Final defendant sentenced in Bundy ranch standoff in Nevada
LAS VEGAS — Nevada rancher Cliven Bundy's bodyguard in confrontations with U.S land management agents became the last of 19 defendants from 11 states to be sentenced on Tuesday in an armed standoff nearly five years ago.
Brian "Booda" Cavalier, 47, of Mesa, Arizona, was told he won't serve any more time than the 20 months he spent in federal custody between his arrest in early 2016 and his guilty plea in October 2017 to two charges of conspiracy to impede and injure a federal officer.
"I'd just like to put this behind me," Cavalier told Chief U.S. District Judge Gloria Navarro.
Cliven Bundy, wife Carol Bundy, son Ryan Bundy, and close family friend Shawna Cox were among the few observers in the courtroom while the judge credited Cavalier with taking responsibility and pleading guilty months before Navarro found "flagrant" prosecutorial misconduct and dismissed the case against other defendants a year ago.
The brief court hearing involved the tense 2014 standoff in which armed ranchers and self-declared militia members forced heavily armed federal agents to retreat and release a herd of cattle in a dusty dry river bed.
The incident stoked passions among some who contrasted the peaceful outcome in Nevada with a 1993 federal siege and fire that destroyed a religious sect compound in Waco, Texas, killing more than 70 people.
Bundy family members and supporters maintain the federal government has no authority to collect fees or stop ranchers from letting cattle graze in vast arid rangelands.
They characterized their refusal to let the government confiscate cows grazing in what is now Gold Butte National Monument as an expression of free speech and weapon rights.
Prosecutors cast the confrontation as an insurrection against the U.S. government.
Most of the 19 defendants spent nearly two years in federal custody awaiting trial on charges that could have gotten them decades in prison, including conspiracy, threatening and assaulting federal officers, firearm offenses, obstruction and extortion.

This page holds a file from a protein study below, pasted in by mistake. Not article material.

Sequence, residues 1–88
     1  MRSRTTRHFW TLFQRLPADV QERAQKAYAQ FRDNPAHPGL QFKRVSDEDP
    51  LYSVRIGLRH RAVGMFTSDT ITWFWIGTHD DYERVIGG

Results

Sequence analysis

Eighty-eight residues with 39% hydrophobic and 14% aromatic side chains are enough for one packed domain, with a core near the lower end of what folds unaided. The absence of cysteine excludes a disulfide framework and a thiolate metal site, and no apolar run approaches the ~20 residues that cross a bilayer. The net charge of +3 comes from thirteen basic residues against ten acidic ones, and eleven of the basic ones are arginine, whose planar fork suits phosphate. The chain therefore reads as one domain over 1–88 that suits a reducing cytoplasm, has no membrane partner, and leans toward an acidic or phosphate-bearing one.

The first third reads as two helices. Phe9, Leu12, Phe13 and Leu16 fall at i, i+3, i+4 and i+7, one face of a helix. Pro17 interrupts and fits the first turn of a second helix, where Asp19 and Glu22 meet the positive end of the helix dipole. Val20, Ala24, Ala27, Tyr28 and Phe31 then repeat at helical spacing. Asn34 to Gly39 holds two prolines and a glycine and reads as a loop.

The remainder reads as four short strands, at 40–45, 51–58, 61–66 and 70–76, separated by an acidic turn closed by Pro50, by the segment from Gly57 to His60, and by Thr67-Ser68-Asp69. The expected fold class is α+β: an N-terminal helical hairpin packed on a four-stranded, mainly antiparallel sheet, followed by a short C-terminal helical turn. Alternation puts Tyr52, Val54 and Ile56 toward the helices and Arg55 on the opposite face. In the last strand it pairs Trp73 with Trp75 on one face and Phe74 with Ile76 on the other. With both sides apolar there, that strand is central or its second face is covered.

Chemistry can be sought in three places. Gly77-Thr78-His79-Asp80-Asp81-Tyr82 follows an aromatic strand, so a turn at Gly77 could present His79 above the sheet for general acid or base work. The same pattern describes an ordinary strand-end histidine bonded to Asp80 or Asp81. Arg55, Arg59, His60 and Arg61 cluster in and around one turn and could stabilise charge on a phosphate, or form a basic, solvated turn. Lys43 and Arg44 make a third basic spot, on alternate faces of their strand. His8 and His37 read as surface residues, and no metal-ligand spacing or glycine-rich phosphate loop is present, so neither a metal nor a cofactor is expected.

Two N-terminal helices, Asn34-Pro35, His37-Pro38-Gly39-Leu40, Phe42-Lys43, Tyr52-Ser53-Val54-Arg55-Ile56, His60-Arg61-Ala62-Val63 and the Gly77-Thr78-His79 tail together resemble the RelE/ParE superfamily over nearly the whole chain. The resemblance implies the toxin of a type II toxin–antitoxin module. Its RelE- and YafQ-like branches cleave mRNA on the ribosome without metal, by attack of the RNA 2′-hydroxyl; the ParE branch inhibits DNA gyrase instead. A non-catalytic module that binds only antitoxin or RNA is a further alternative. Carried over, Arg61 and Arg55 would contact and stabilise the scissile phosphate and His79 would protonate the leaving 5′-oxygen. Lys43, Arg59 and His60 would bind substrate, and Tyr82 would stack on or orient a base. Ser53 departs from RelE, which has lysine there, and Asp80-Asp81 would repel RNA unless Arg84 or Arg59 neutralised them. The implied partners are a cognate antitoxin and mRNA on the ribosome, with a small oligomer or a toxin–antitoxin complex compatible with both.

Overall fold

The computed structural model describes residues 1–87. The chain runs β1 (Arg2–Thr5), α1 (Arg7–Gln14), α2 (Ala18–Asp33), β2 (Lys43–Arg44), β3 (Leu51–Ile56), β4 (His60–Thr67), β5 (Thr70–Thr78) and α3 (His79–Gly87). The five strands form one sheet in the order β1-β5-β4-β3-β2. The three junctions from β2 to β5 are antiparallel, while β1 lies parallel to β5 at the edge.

Prosecutors failed to gain full convictions in 2017 in two jury trials against six defendants who carried assault-style weapons during the confrontation outside Bunkerville, 80 miles northeast of Las Vegas.
Two men from Idaho were memorably photographed on a highway overpass pointing rifles at heavily armed federal agents facing hundreds of flag-waving women, children and men on horseback.
In the end, five defendants pleaded guilty before trial, several were acquitted of all counts and some were convicted of lesser charges. Two are in prison, appealing their sentences. Most were let go for time already served.
Navarro also sentenced Cavalier to one year of federal supervision, ordered him to undergo substance abuse treatment and prohibited him from communicating with other people connected with the standoff.
Cavalier also pleaded guilty to a weapons charge in Oregon and was sentenced in 2016 to time already served in federal custody in Portland for his role in a 41-day armed occupation of a wildlife refuge with more than two dozen people including Bundy sons Ryan and Ammon Bundy in January 2016.
Cavalier and his attorney, Mace Yampolsky, declined outside court to comment.